As Iran guns down protesters at home, it’s also waging a global campaign of suppression against dissidents in the United States and other countries.

Iran’s attacks on critics abroad have been brazen. In recent months, anti-regime activists have been kidnapped, murdered and harassed, according to news reports and interviews with activists. The FBI and security agencies in Europe are monitoring these assaults.

Images from inside Iran of the spreading protests have gone viral on the Internet, including sometimes gruesome pictures of those killed in the streets. Amnesty International counts more than 140 dead since the unrest began Nov. 15 because of public anger over a hike in gas prices. Sources in Iran told the New York Times that more than 200 have been killed, 1,900 injured and 7,000 arrested.

“As the existential threats to the regime grow, it will employ every manner of violence to eliminate their perceived enemies. It is the one skill Iran has successfully mastered,” says Roya Hakakian, whose book “Assassins of the Turquoise Palace” documented Iranian murder of dissidents abroad.

The uprising is sustained partly by Iranians outside the country, who are exchanging videos of the protests and violent suppression. Masih Alinejad, the U.S.-based activist who in 2014 started a women’s protest movement called “My Stealthy Freedom,” said this week that she had received and reposted more than 2,000 videos from inside the country.

The recent wave of demonstrations against the Iranian regime has been powerful partly because it gathers so many streams of dissent — from Iran and the diaspora; from women’s rights activists and working-class Iranians angry about living standards; and from the diverse ethnic groups in Iran.

Iran’s economic troubles, which catalyzed protests, stem partly from harsh U.S. economic sanctions imposed by President Trump last year as the United States withdrew from the 2015 nuclear agreement. The United States has promoted the recent signs of unrest. Secretary of State Mike Pompeo said last Tuesday that U.S. agencies have collected more than 20,000 videos and other protest messages from inside Iran, despite the regime’s attempts to block the Internet.

In recent interviews, dissident Iranians in the United States described intimidation by Tehran’s operatives, including death threats. Where Saudi Arabia’s suppression of dissent, including the brutal murder of Post contributing columnist Jamal Khashoggi, has rightly been condemned, Iran’s assaults have received less attention.

Alinejad, whose #WhiteWednesdays campaign urged women to remove their head covering and wear white scarves in defiance of the clerical leaders, said she had been harassed since she launched this movement. She said Iranian state television initially broadcast a false report that she had been raped by three men to intimidate her, and that a commentator later threatened to cut off her breasts and tongue.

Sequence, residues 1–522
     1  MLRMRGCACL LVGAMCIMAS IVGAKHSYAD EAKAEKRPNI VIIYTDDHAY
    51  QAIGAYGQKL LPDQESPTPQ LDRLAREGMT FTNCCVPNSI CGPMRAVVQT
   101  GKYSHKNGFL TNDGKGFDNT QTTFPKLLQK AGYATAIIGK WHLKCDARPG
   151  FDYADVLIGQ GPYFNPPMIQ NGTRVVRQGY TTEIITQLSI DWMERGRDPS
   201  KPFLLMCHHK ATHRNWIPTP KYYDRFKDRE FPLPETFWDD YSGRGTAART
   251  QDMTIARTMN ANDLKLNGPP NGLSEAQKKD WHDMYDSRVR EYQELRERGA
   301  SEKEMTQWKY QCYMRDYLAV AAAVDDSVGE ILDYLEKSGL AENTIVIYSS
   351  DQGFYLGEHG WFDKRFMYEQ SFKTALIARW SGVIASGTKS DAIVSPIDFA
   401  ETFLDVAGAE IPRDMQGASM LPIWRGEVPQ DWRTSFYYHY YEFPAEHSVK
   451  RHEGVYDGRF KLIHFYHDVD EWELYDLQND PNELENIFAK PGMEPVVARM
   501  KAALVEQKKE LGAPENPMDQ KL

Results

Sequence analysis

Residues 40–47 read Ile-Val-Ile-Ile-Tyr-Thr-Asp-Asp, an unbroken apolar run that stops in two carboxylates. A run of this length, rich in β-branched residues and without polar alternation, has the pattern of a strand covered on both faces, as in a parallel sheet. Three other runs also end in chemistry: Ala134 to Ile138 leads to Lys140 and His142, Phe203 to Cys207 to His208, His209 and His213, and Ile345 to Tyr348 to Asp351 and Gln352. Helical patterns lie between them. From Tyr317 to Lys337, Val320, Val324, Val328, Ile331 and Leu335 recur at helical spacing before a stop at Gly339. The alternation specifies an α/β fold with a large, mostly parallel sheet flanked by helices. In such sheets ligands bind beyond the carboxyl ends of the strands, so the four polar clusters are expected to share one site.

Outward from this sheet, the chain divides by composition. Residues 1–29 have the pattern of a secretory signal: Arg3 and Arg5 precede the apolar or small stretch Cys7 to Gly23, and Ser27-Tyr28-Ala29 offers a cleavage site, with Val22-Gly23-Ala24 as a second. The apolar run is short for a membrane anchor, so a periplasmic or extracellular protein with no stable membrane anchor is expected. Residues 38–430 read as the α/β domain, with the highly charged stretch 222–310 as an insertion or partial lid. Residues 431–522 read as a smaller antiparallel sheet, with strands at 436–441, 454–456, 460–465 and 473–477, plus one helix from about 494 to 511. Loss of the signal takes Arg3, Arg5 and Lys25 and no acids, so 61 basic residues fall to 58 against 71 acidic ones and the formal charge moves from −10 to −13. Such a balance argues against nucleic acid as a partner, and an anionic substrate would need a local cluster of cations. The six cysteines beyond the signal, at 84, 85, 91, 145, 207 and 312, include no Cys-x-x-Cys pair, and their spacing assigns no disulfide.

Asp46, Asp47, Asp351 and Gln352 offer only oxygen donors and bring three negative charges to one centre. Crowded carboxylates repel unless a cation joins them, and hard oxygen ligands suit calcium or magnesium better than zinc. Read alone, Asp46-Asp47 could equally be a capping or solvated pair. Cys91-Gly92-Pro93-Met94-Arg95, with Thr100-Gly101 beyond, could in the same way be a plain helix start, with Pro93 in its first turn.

When Alinejad persisted in her social media protests, she received death threats, harassing phone calls and a warning that she would be arrested if she ever entered an Iranian embassy. Alinejad first reported these threats to the FBI five years ago.

“For the regime, my life is not as important as my hair,” Alinejad said in an interview. “They’re scared of me. This gives me power.”

Last year, Iranian security officers interrogated Alinejad’s mother in her small village near the Caspian Sea, hoping to force her to denounce her daughter on television. The mother refused. In September, the authorities arrested Alinejad’s brother, Alireza; he was prevented from seeing his family after his sister began publicizing the recent protests. Undaunted, Alinejad filed a lawsuit in federal court in Washington this week accusing the regime of “terrorism, torture, hostage taking” and other crimes.

Saeed Ghasseminejad, an activist jailed in Evin prison in 2003 before escaping Iran, said he has received repeated death threats and harassment since joining the Foundation for Defense of Democracies as an analyst in 2014. Like Alinejad, he has told the FBI that some threats appeared to come from people inside the United States. An FBI spokesman wouldn’t discuss Iranian activities in the United States.

Iranian dissidents abroad face greater danger. Last month, an activist named Massoud Molavi, who ran a website called Black Box, publishing details about corruption in the Islamic Revolutionary Guard Corps, was murdered in Istanbul. In October, Ruhollah Zam, a dissenter who ran a news network called Amadnews with 1.4 million followers, was lured from his exile home in Paris and kidnapped to Iran, in what the IRGC boasted was a “complicated intelligence operation.” In 2017, Saeed Karimian, the chief executive of an independent news channel called Gem TV, was murdered in Istanbul.

These brave Iranian dissidents all convey the same story: Iran is brutally suppressing popular dissent, and the world is watching.

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